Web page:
The post master did not listen to the end of this scene; he slipped away on tip-toe, remembering that the lock of the study was on the library side of the door. He had been present in former days at an argument between the architect and a locksmith, the latter declaring that if the pagoda were entered by the window on the river it would be much safer to put the lock of the door opening into the library on the library side. Dazzled by his hopes, and his ears flushed with blood, Minoret sprang the lock with the point of his knife as rapidly as a burglar could have done it. He entered the study, followed the doctor’s directions, took the package of papers without opening it, relocked the door, put everything in order, and went into the dining-room and sat down, waiting till La Bougival had gone upstairs with the poultice before he ventured to leave the house. He then made his escape,—all the more easily because poor Ursula lingered to see that La Bougival applied the poultice properly.
“The letter! the letter!” cried the old man, in a dying voice. “Obey me; take the key. I must see you with that letter in your hand.”
The words were said with so wild a look that La Bougival exclaimed to Ursula:—
“Do what he asks at once or you will kill him.”
She kissed his forehead, took the key and went down. A moment later, recalled by a cry from La Bougival, she ran back. The old man looked at her eagerly. Seeing her hands empty, he rose in his bed, tried to speak, and died with a horrible gasp, his eyes haggard with fear. The poor girl, who saw death for the first time, fell on her knees and burst into tears. La Bougival closed the old man’s eyes and straightened him on the bed; then she ran to call Savinien; but the heirs, who stood at the corner of the street, like crows watching till a horse is buried before they scratch at the ground and turn it over with beak and claw, flocked in with the celerity of birds of prey.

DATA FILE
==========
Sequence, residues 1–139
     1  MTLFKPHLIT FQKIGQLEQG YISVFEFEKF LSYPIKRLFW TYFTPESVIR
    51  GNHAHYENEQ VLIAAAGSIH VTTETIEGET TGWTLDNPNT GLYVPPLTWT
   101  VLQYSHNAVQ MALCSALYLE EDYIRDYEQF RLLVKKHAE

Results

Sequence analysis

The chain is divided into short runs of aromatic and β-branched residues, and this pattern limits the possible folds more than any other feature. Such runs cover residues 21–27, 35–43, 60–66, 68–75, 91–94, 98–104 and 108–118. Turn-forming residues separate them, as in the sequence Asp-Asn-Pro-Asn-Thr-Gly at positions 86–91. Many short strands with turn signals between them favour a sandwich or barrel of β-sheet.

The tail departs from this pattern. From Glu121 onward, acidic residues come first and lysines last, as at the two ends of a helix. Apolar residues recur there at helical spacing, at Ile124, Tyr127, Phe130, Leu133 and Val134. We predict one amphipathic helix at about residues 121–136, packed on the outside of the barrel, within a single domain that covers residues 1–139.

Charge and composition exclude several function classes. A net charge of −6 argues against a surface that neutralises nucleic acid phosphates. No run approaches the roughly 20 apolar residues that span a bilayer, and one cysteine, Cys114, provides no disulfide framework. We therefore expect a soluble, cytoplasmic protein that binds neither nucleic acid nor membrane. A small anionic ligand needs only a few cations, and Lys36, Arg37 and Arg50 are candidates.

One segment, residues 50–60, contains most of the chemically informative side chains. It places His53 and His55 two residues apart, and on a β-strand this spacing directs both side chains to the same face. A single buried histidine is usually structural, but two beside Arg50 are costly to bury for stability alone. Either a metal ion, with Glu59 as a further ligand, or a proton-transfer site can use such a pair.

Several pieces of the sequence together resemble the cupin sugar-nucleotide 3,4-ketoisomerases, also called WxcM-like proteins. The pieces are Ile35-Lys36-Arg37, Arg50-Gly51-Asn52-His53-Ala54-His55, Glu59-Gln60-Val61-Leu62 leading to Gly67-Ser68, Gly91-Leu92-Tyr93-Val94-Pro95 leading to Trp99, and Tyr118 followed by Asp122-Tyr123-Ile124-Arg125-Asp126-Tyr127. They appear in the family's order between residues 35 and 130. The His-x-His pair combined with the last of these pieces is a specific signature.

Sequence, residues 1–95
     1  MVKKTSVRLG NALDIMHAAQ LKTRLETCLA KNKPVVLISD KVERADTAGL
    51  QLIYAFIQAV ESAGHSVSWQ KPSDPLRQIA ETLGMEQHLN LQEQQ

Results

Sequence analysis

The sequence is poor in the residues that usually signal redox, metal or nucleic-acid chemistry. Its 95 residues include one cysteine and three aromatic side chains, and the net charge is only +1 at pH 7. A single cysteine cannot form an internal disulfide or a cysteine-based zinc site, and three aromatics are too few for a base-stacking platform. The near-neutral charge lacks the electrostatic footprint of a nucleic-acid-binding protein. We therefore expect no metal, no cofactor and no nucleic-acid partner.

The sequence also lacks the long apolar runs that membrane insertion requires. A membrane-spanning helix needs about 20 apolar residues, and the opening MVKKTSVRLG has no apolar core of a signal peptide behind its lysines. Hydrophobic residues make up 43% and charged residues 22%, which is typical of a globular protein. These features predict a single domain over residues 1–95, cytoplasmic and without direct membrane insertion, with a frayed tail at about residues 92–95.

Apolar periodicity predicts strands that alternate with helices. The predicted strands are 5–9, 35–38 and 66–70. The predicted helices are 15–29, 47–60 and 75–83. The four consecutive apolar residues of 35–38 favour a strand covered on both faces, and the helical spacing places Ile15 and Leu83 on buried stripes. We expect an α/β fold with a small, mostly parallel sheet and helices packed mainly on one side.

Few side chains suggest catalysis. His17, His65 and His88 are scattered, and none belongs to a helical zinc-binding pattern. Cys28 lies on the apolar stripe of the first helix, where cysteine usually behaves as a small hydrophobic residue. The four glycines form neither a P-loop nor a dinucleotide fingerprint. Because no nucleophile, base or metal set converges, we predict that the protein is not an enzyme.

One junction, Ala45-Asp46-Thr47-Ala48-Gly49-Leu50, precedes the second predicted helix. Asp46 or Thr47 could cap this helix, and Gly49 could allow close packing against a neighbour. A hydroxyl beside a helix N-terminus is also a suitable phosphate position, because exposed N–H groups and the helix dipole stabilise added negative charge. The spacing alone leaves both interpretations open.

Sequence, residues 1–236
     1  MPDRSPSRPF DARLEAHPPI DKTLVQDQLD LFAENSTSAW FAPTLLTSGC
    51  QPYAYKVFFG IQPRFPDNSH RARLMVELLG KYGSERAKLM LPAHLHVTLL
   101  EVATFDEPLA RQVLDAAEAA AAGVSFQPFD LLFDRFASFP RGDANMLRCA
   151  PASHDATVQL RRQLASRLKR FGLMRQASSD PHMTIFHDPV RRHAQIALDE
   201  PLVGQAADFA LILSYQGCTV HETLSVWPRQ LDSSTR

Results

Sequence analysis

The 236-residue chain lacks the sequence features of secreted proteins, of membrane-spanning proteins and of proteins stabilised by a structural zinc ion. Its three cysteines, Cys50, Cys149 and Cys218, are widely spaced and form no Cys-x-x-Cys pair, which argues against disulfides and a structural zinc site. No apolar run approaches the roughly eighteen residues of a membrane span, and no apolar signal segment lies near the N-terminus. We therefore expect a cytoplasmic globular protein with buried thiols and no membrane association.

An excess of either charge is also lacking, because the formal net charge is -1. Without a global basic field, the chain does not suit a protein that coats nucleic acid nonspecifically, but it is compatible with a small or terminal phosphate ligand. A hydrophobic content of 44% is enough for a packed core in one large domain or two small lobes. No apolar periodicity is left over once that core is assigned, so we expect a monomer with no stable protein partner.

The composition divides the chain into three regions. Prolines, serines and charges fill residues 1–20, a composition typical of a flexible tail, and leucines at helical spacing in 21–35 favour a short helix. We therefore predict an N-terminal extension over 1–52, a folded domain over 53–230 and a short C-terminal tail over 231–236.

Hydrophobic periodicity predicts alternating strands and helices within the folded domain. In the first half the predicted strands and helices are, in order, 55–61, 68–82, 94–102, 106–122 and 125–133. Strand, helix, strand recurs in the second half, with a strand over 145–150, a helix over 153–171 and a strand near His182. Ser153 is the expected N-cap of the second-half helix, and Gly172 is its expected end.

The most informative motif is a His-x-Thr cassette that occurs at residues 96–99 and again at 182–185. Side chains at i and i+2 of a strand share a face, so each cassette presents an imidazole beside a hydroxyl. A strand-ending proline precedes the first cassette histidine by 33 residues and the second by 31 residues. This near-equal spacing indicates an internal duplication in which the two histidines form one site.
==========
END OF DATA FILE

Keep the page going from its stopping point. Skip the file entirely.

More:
The doctor’s will
While these events were taking place the post master had hurried home to open the mysterious package and know its contents.
To my dear Ursula Mirouet, daughter of my natural half-brother, Joseph Mirouet, and Dinah Grollman:—
My dear Angel,—The fatherly affection I bear you—and which you have so fully justified—came not only from the promise I gave your father to take his place, but also from your resemblance to my wife, Ursula Mirouet, whose grace, intelligence, frankness, and charm you constantly recall to my mind. Your position as the daughter of a natural son of my father-in-law might invalidate all testamentary bequests made by me in your favor—
“The old rascal!” cried the post master.
Had I adopted you the result might also have been a lawsuit, and I shrank from the idea of transmitting my fortune to you by marriage, for I might live years and thus interfere with your happiness, which is now delayed only by Madame de Portenduere. Having weighted these difficulties carefully, and wishing to leave you enough money to secure to you a prosperous existence—